Laser projection supports immersive journey through time and space
Pic: Daniel Boyd, VIDEO WORKS, 2020, Carriageworks. Image Zan Wimberley.
Carriageworks, Australia’s leading multi-arts precinct, has installed Panasonic laser projector technology to support its contemporary artistic program.
The new technology has been unveiled at the Carriageworks Summer 2020 Visual Arts Program as part of the Sydney Festival. Panasonic Australia is a Presenting Partner for VIDEO WORKS, a major installation by Sydney-based Kudjala/Gangalu artist Daniel Boyd.
Beatrice Grafton, Carriageworks Head Curator, Visual Arts, said: “Daniel Boyd’s VIDEO WORKS is an immersive journey through time and space. Ensuring the projection of the work is of the highest quality is paramount for the artist’s intention as well as the visitor experience at Carriageworks.”
A highlight of the Summer 2020 presentation, VIDEO WORKS is a composite of three significant video installations made by Daniel Boyd between 2012-18. The works – A Darker Shade of Dark #1-4 (2012); History is Made at Night (2013); and Yamani (2018) – map the walls of the gallery space with the artist’s infinite cosmos of dynamic compositions and prismatic colour.
Set to scores by Ryan Grieve and Leo Thomson (Canyons), the works commence simultaneously and continue to loop in an ever-changing sequence of image and sound.
Todd Hawken, Production Manager, Carriageworks said: “The three video artworks and two compositions create one seamless experience, which is the largest-scale presentation of the artist’s work to date. We’re extremely pleased with the final presentation, and to see viewers enjoying and responding to the artwork.”
Meeting the challenges of a gallery environment
Behind the scenes, Carriageworks selected nine Panasonic laser projectors and specialised zoom lenses to bring the artist’s vision to life.
There were a number of considerations to ensure the technology worked seamlessly in the background to deliver the best outcome. The exhibition space had its own challenges, with a low ceiling and obstructions such as large air conditioning ducts, while the cabling needed to be hidden and the projectors had to be precisely placed to avoid casting shadows on the projection surfaces.
For Carriageworks, the key elements cited for projection technology that meet the specific demands of a gallery environment are accurate colour, compact size, minimal noise, installation flexibility and low maintenance.
Laser projectors like the RZ Series are particularly suitable due to their small and versatile form factor and a low-noise fanless design. Because laser technology is lamp-less, they can effectively operate maintenance-free for the life of an exhibition.
Todd explained: “We wanted good colour fidelity and consistency to present the artworks at their best and to tie the installation together. That was what was attractive to me about the RZ Series. I first saw them used at a performance of ‘Invisible Cities’ at the Manchester International Festival where there were around 25-30 in a large warehouse space. They can also be hung at any angle, which makes them perfect for projection mapping.”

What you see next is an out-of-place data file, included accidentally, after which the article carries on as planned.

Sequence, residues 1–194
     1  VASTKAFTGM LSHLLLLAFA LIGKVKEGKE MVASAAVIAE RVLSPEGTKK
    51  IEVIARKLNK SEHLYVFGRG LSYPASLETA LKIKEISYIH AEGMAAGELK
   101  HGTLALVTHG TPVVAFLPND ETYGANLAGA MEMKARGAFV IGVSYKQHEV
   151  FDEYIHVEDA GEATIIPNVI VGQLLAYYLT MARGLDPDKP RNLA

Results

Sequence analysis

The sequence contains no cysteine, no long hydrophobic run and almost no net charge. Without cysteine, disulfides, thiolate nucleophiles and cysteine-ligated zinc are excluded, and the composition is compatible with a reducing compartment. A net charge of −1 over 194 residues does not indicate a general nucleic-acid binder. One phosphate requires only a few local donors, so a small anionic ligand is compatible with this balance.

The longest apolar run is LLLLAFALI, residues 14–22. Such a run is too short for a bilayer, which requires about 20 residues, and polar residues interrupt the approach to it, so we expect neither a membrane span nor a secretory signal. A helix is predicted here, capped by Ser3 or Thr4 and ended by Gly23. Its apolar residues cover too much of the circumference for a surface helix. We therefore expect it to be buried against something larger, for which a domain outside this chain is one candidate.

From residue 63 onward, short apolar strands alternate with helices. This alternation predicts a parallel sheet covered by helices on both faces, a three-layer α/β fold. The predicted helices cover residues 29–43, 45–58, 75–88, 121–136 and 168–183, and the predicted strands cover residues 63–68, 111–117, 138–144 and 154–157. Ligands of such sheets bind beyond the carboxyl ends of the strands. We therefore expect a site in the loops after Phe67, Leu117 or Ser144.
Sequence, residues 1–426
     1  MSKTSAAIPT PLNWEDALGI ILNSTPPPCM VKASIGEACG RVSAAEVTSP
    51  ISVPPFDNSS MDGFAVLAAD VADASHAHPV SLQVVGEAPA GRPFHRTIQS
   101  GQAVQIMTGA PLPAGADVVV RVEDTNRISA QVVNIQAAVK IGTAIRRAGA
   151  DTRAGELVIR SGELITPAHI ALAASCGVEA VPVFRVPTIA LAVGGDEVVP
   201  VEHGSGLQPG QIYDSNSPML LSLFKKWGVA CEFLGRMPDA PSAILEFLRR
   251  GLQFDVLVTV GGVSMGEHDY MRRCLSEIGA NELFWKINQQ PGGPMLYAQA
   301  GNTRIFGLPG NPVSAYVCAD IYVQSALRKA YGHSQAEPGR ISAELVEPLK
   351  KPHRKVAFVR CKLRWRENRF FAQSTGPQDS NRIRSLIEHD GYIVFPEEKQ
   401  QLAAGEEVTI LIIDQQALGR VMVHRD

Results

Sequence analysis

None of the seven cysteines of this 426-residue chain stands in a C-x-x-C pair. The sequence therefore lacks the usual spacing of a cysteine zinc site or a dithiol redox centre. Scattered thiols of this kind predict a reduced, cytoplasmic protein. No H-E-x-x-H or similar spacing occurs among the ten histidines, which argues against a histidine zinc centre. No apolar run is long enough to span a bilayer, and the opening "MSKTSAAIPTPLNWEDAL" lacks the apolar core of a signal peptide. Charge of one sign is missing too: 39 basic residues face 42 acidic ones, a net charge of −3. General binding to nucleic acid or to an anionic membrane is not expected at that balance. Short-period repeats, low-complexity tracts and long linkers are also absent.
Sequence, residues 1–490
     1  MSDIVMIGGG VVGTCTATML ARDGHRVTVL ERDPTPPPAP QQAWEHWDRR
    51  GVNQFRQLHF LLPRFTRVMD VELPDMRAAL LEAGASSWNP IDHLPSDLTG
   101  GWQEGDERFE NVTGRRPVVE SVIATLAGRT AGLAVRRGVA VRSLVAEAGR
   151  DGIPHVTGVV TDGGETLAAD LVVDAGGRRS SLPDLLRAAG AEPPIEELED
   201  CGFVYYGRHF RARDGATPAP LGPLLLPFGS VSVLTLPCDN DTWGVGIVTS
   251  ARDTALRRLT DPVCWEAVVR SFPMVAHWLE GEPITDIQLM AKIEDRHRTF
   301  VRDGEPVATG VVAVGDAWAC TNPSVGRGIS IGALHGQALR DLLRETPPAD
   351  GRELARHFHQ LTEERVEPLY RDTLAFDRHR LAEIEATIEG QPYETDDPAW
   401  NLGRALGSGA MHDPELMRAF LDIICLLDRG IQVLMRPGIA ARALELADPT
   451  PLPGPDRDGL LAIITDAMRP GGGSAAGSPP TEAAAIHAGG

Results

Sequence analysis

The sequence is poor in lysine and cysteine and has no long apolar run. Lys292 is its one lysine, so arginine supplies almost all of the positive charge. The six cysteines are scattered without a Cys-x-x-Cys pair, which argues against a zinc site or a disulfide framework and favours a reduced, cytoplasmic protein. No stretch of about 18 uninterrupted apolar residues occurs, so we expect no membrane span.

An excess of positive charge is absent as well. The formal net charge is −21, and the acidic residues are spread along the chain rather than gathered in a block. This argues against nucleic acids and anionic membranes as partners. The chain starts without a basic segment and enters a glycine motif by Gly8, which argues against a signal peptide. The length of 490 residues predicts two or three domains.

Todd added: “A compact size is crucial as larger projectors can be visually intrusive for an artwork. And, for this installation, the audio experience is key. These projectors are very quiet, which is important as the concrete walls in the exhibition space bounce sound around.”
With exhibitions open for many hours a day across 2-3 months, any need for maintenance can be disruptive and affect the visitor experience. When a conventional projector lamp fails and is replaced, the finely calibrated software mapping may need to be re-aligned, which takes time and resources. Todd explained: “We’ve gone for laser, so I’m hoping no adjustment is needed at all.”
Looking to the future
Carriageworks has purchased a total of 10 laser projectors for use across future projects as required, allowing them greater scope to ‘think bigger’ when planning, to deliver an even higher standard, and to reduce dependence on hiring equipment or borrowing from other galleries.
Its two 10,000-lumen projectors were selected to deliver more punch where needed for works or events, with the ability to maintain brightness in exhibition areas that have more ambient light.
It’s expected that the new kit will be in high demand, with projection a powerful trend across visual arts, live performance and events. Carriageworks estimates that more than half of all projects it sees have a projection element – from theatre to masterclasses and night markets.
Peter Huljich, General Manager, Media and Entertainment, Panasonic, said: “We’re proud to partner with Carriageworks and support their leading visual arts program. In Australia and around the world, Panasonic works with artists, galleries, museums, and events such as light and sound shows with the goal of bringing their vision to life. We understand that the true value of technology in these environments is to showcase creative work and enhance the audience experience.”
Daniel Boyd: VIDEO WORKS is currently exhibited at Carriageworks until March 1 2020, with free admission. Carriageworks is located at 245 Wilson Street, Redfern, Sydney.
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